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Patches and Stickers for sale here

No. 108081 ID: b27d97 hide watch quickreply [Reply]
  Why have rifling in pistols, that are designed specifically for civilian edc and self-defense? Wouldn't smoothbores be a better solution since the range at which such pistols are used is minimal and you'd get the benefit of slightly higher muzzle velocity out of the same barrel length.
>> No. 108084 ID: f2172d
In the US, non-blackpowder smoothbore pistols are typically classified as a 'Any Other Weapon', subject to the rules of the National Firearms Act. Mostly has to do with the ATF considering them as short-barreled shotguns.

Google New England Firearms Handi-Gun, for reference.
>> No. 108085 ID: 9dcda2
File 154640232214.png - (125.81KB , 602x602 , fin stabilized sabot.png )
> Wouldn't smoothbores be a better solution

No. Tanks use smoothbore guns to accommodate the fin stabilized discarding sabot rounds. Rifling works really well to stabilize standard projectiles. I can't recall the name, but there was that company that put out smoothbore ARs with little nerf football shaped bullets.

> since the range at which such pistols are used is minimal

Accuracy is important. In a civilian defensive scenario, the saying goes that "There's a lawsuit attached to every stray round." Also, you don't always get to choose your engagement distance. Think about the police officers responding to the North Hollywood shootout.

> and you'd get the benefit of slightly higher muzzle velocity out of the same barrel length.

Pistols really don't have enough velocity to matter. You're throwing a chunk of lead that will impact a target and make a 9-12 mm hole in meat, probably break bones, and penetrate some light barriers. Really unless you hit something important like the heart, central nervous system, or some big arteries, it may not stop an attacker.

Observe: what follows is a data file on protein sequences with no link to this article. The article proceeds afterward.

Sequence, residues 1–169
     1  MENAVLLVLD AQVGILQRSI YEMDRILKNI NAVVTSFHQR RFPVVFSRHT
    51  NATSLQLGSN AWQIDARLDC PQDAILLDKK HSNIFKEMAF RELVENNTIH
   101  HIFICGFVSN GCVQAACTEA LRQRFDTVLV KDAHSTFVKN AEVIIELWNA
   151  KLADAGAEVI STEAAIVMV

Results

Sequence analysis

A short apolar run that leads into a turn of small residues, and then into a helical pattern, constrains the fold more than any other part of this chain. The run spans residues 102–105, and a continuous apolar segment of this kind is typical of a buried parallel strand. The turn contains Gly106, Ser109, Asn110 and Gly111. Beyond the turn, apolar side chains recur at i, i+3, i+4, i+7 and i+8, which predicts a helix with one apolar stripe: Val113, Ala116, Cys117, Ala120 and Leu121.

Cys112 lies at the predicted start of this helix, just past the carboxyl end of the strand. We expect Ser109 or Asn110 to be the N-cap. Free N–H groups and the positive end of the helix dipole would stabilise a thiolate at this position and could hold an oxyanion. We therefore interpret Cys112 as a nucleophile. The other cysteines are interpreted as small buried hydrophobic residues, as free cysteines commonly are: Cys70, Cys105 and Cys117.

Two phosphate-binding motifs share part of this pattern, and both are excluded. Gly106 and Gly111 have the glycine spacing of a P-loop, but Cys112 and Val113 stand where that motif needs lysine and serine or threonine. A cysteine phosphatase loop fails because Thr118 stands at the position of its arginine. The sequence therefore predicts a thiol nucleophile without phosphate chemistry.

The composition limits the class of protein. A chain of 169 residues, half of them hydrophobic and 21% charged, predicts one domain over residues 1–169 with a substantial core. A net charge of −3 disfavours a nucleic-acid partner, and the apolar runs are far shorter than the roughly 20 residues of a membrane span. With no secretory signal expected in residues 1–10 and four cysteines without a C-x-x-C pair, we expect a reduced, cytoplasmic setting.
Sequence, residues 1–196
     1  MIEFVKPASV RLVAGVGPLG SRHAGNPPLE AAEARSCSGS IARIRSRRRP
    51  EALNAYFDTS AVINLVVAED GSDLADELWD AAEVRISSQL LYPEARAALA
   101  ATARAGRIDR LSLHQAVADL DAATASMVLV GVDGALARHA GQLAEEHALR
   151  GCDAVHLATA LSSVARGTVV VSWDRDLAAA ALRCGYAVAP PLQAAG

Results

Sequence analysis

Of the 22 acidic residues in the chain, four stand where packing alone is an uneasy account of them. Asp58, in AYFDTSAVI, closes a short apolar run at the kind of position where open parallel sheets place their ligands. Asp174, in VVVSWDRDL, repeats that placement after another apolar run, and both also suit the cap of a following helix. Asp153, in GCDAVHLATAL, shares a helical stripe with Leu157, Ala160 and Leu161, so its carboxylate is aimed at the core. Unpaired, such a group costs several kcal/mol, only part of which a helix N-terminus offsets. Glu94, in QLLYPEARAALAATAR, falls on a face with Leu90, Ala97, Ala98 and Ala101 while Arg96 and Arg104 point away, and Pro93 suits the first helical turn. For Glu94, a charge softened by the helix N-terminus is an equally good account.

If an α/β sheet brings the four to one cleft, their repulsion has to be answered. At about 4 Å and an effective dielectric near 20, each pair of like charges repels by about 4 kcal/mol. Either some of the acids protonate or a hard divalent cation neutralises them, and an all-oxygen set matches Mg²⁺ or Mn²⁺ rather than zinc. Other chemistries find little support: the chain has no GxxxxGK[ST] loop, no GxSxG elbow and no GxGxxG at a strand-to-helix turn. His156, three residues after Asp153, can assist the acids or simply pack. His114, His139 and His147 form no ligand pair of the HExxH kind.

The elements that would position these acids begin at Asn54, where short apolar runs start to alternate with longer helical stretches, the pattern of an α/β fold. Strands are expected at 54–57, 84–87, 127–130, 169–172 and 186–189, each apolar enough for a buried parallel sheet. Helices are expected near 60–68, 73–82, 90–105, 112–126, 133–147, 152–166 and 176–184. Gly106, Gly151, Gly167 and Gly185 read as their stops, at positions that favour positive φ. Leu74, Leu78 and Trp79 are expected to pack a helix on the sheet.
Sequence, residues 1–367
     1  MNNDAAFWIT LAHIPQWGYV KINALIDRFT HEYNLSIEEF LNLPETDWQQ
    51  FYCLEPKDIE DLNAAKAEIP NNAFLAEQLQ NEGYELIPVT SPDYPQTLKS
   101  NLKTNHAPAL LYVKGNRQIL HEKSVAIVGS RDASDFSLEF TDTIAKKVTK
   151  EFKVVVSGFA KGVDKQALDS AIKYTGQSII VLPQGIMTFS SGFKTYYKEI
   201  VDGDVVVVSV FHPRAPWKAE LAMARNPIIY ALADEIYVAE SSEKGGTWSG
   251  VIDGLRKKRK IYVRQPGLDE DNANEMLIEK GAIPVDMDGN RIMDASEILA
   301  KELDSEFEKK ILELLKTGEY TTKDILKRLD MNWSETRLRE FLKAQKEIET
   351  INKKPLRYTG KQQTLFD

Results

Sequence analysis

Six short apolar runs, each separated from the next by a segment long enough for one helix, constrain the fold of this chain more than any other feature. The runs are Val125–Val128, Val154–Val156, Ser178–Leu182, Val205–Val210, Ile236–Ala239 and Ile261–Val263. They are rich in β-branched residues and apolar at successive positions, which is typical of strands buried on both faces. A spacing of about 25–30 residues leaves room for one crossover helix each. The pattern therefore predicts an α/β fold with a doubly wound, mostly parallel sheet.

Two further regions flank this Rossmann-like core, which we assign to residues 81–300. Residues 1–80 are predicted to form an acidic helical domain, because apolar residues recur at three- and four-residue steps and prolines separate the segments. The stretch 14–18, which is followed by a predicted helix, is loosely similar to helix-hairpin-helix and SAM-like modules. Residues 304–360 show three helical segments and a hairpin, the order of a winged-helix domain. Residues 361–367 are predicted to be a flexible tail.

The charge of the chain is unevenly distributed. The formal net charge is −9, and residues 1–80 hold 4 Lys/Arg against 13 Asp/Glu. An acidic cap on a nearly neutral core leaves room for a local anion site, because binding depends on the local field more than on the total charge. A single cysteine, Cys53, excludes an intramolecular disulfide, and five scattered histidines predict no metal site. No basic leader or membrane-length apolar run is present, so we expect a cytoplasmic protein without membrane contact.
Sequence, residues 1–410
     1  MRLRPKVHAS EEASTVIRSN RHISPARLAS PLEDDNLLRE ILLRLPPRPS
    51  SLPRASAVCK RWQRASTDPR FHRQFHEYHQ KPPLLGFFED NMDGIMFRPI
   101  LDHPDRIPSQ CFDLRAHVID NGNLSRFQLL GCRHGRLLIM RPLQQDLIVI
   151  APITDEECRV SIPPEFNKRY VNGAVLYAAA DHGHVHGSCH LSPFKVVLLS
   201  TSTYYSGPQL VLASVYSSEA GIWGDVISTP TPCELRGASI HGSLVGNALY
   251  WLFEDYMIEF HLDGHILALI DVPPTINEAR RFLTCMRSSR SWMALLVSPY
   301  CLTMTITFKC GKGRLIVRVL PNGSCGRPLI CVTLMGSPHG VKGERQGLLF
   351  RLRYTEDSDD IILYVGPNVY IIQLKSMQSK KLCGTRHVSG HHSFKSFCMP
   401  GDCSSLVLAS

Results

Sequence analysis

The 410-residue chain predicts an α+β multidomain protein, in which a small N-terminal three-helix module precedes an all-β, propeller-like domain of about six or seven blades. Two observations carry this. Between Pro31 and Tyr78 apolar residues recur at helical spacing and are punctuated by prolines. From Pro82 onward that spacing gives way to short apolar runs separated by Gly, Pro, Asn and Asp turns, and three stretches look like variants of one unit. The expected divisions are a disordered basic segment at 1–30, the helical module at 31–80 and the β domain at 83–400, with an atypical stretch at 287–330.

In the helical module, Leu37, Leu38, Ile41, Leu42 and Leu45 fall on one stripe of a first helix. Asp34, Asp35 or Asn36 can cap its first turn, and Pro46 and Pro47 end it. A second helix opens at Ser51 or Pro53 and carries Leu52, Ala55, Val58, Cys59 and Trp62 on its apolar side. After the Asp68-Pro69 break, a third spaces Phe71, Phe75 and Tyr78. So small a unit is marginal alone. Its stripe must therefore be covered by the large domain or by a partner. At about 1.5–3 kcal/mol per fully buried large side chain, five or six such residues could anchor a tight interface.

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>> No. 108086 ID: b27d97
>Really unless you hit something important like the heart, central nervous system, or some big arteries, it may not stop an attacker.

Sounds like like a fat long round keyholeing would be just the ticket.
>> No. 108096 ID: b27d97
Any of you guys heard of "Lancaster barrels"?
>> No. 108098 ID: b27d97

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105879 No. 105879 ID: b19b57 hide watch expand quickreply [Reply]
solomon carter of horse lake mississippi, frequent poster on krautchan, ylilauta, circle/b/ros and /ck/, has purchased a deagle using his mom's credit card. as a part time minimum wage pizza delivery driver solomon needs to protect himself, but he doesn't earn enough money to buy his own weapon.
is this the best weapon for pizza delivery self defense?
15 posts and 9 images omitted. Click Reply to view.
>> No. 105955 ID: 3a45c5
  Ruger LCP II https://youtu.be/2bC45tI26io
Would not feed SIG ammo well. Winchester and Speer worked fine.
>> No. 105957 ID: 8e9876
  Ruger LCP II https://youtu.be/D4x11YeGLYw
>> No. 106325 ID: 30d556
Odd. Mine does not seem to care what ammo you use in it, but I really need to pull the slide back all the way very hard.
>> No. 106389 ID: f1196c
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solomon carter at work in 2015
>> No. 106643 ID: fab486
  colonmon sharter

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108074 No. 108074 ID: 5c87e8 hide watch quickreply [Reply]
With the NRA effectively characterized as a subsidiary of the KGB by the national media, who is there now to protect us from Nancy Pelosi's inevitable whims?
>> No. 108076 ID: f5c3ed
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Join or die!
>> No. 108092 ID: 136a5b
SAF and FPC are solid bets, GOA is a bit problematic.
Donate directly to the NRA-ILA, the main org needs to drop Ack-Mac.
>> No. 108093 ID: 506fbf